Dredged to death

Fridays closure of the last two tipa / scallop beds in Aotearoa / New zealand will mark an historic moment for our fisheries. It signals the collapse of more than a fishery but an entire ecosystem. 

The last commercial mussel was dredged out of the Hauraki Gulf in 1966, after 56 years there are no signs of recovery. We don’t yet know what the fate will be for tipa. The fishery at the top of the South Island has been closed since 2017. If the tipa beds do not recover it will be the best evidence of ecocide in Aotearoa / New Zealand this century.

We need to change our ways. Both recreational and commercial dredging must be banned as per the Hauraki Gulf 2017 marine spatial plan that the government has still not acted on. These fishing methods damage the habitat that the animals grow in.

The result is:

  • Dead and damaged non target species and juvenile tipa
  • Lost biodiversity and water clearing animals
  • Lost habitats for fish especially juvenile fish
  • Long term changes to seafloor chemistry

The same impacts are created by other bottom impact fishing methods like bottom trawling and Danish seining which were also to be banned in the marine spatial plan. Short term fisheries closures are not good enough, we need a total ban on these methods.

Central government management actions to date have been irresponsible. Auckland Council did not take action when it was asked.

If the tipa beds do not recover naturally who will pay to restore them?

Missing data from Revitalising the Gulf consultation

During the October 2022 consultation round on the marine protection proposals for Revitalising the Gulf I asked Govt a few questions. Some of them were quickly answered but a few others were converted into an Official Information Act request. From that I was able to draft this table showing changes in spatial use of the Gulf proposed by the plan, this is important given it’s a Marine Spatial Plan.

A new idea proposed in the plan (based on Sea Change 2017) was that customary fishing could take place withing the High Protection Areas (HPAs). There was no advice provided on how much customary take might happen in the HPAs, this is important as it impacts level of protection provided by the policy. I asked:

“Are you able to supply how much customary fishing (including commercial customary) was undertaken in the proposed HPAs in previous years? This would aid conversations with people concerned about future levels of customary take. I understand catch records may not have precise associated location data, an estimate is fine.”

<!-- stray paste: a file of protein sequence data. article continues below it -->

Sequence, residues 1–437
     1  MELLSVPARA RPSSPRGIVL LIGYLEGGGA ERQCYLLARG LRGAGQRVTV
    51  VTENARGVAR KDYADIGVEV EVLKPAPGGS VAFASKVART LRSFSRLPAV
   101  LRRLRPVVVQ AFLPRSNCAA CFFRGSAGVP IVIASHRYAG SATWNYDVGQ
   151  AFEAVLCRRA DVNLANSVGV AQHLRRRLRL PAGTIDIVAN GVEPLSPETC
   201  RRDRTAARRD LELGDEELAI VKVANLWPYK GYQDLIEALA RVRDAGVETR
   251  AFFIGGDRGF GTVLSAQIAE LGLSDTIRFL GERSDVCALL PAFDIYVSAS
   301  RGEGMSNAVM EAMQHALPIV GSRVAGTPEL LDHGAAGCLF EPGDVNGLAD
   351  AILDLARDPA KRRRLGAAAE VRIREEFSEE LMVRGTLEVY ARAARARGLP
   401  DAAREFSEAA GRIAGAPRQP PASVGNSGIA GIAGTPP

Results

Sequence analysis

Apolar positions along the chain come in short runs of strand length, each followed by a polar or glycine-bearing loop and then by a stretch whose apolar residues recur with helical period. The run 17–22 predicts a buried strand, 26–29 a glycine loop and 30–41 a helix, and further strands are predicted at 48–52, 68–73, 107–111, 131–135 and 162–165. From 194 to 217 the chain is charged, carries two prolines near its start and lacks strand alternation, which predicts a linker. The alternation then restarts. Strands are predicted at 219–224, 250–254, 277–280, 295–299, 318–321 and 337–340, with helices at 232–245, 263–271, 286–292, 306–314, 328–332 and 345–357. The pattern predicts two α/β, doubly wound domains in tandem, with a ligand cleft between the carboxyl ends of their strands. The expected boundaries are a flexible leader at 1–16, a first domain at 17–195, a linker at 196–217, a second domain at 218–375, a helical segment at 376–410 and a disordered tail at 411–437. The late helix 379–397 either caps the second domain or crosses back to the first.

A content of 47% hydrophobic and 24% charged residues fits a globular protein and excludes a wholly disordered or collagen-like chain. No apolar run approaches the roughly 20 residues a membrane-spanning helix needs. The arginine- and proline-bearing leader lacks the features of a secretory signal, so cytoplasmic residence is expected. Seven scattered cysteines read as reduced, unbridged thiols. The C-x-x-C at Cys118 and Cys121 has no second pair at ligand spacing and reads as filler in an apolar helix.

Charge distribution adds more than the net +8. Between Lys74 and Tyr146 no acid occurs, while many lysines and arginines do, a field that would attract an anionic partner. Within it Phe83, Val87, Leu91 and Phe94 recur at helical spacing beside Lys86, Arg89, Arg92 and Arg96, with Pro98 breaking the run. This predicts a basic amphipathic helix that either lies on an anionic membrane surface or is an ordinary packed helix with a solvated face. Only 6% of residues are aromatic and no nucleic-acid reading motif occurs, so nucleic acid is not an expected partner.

I received a painfully detailed response. Here is the map and raw data, I spent a few hours with it trying to answer my question. In my opinion the data is unusable. For nearly every population there is a unspecified number given for what was taken. For example:

In 2018 & 219 there were 1,064 kgs of snapper taken as customary catch but there is an additional number of 438 with no unit specified.

If we just stick to the kgs and compare data from 2018 & 2019 to contextualise it with fishing data from the last State of the Environment Report there was about one tonne of tāmure / snapper taken as customary catch. Total commercial take of tāmure in the Gulf was about 1,600 tonnes and recreational take was 2,000 tonnes. So customary catch might only be 0.03% of the total catch and insignificant from a population management perspective. However there is another number of 438 given with unit unspecified. If the number is tonnes then customary catch is 12% of the current catch, spatial changes in this effort would be significant from a population management perspective. The 2022 data is also dominated by unspecified numbers.

I have not been able to use the data to answer my question, the reporting system for recreational and customary take needs an over haul. Its frustrating as there is a great app that has been developed for reporting customary take (IKANET) which must be unused.

A Fisheries Management Plan for the Gulf